Water Signs is one of those rare books that makes you feel like you want to meet the characters in person. Yes, they are that real. It is beautifully written with passion for our country and romance. It is one of those books that is just like a good movie, where you hate to see it end. Speaking of more…please Daria, write the sequel as we are left sitting on the edge our seats wanting more. Madeline Rose and her charming husband Kenny will enrich your lives with their love for each other. Yes, a perfect romance does exist.
I fell in love with Rose from the very beginning and couldn’t wait to know more and more about her story. I am rooting for her and hope the author will consider writing a sequel. I would like to be informed if she does. Her writing style kept me engaged and intrigued. I appreciate an author like DiGiovanni who has a keen knowledge of English language and who writes as if you were right there with the main character. Kudos to you!
Better late than never, my 2008 novel Water Signs is now available on Kindle for $2.99. It’s been an interesting journey, navigating through this brave new media marketing world over the past six years. Although I haven’t actively promoted the book in a very long time, I recently realized that 1.) My network of contacts, friends and clients has dramatically increased thanks to platforms like Facebook and Twitter, providing a large new base of potential readers, and 2.) Now that I’ve completed two ghostwritten books and have a handle on social media projects for clients, I can make the time to (finally) finish Sea To Shining Sea.
One of the many benefits of being an independently published author is that you can never really penetrate your market; therefore, there are endless opportunities to reach new readers. And what better way to pave the way to sequel success than to have my audience fall in love with (or in many cases, all over again) Water Signs just before the sequel’s release?
If you would like to download Water Signs to your Kindle for $2.99, click here. For insights into the book’s various themes, literary techniques and characters, click here.
Thank you to everyone who supports my writing — I appreciate you!
When I remember the things I’m most grateful for, at the top of the list is my upbringing in a loving, stable home with two upstanding, involved parents. My four siblings and I were raised with solid, traditional values, along with a very clear sense of right versus wrong. And yes, a lot of fun in the form of family gatherings, events, friendships and the security of knowing our parents cared about our lives. My mom especially was happily involved in school activities, homework and extracurricular things like dance and piano lessons, sports (my brothers played baseball, football and wrestled) and ensuring that we were exposed not only to Eagles, Phillies, Flyers and Sixers games but also culture, history and conservative political activism.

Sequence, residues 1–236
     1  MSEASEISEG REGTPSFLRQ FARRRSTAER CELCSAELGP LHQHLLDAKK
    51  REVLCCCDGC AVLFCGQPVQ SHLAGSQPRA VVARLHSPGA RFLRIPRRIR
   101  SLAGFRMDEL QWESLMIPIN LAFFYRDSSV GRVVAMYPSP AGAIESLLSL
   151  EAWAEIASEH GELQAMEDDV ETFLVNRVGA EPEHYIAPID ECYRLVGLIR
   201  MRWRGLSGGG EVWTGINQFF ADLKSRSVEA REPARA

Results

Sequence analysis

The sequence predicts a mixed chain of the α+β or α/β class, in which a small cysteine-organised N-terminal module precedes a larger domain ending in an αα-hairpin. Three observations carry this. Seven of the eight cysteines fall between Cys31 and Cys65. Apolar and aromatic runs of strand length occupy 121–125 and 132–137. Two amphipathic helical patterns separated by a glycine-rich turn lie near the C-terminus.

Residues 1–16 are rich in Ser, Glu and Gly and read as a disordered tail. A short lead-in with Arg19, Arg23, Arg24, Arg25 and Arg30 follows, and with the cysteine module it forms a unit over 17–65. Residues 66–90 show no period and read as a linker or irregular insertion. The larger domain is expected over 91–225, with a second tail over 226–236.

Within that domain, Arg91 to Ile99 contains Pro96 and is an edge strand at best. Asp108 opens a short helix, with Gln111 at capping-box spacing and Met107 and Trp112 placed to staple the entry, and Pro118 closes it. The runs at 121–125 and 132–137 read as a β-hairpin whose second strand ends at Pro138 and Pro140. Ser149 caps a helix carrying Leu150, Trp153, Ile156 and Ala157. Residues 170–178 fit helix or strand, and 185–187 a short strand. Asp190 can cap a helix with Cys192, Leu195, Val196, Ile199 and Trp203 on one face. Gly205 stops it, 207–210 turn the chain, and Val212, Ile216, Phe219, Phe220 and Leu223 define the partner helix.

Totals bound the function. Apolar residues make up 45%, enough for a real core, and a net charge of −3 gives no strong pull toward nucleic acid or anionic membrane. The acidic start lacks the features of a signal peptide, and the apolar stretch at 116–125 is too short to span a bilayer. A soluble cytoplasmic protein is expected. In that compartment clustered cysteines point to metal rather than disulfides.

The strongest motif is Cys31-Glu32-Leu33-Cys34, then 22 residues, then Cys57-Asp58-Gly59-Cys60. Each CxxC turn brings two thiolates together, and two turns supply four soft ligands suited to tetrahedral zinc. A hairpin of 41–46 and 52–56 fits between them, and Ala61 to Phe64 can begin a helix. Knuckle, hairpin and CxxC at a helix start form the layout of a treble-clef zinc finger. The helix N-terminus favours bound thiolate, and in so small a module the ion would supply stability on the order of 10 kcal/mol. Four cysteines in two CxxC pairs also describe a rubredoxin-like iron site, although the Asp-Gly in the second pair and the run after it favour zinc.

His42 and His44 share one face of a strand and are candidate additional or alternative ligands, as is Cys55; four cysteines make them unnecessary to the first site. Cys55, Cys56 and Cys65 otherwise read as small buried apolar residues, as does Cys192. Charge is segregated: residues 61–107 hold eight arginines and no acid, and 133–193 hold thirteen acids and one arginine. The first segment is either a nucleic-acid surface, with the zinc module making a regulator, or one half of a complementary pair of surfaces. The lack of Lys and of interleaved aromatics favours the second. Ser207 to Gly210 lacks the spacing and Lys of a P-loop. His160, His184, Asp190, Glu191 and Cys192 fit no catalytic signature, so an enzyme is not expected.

Given the state of our current self-absorbed culture, I am eternally thankful for being the product of two people who were not only loving but generous with their time.
Happy Anniversary, Mom and Dad….and thank you for everything!
I love today’s Daily Word in honor of the occasion:
WITH LOVE AND APPRECIATION, I BLESS MY FATHER.
As we express love to our family members, we are channels for the love of God. Today we love and honor our fathers and the father figures in our lives.
Whether they are with us in person or spirit, we express our love and appreciation. We remember what these men have taught us, what they have shared, and what we have experienced with them. We hold them in prayer, knowing prayer is not limited by time or space.
If for any reason we have felt alienated from our father, we allow the forgiving love of God to heal whatever may have kept us from understanding and loving each other. We let the love of God express through us.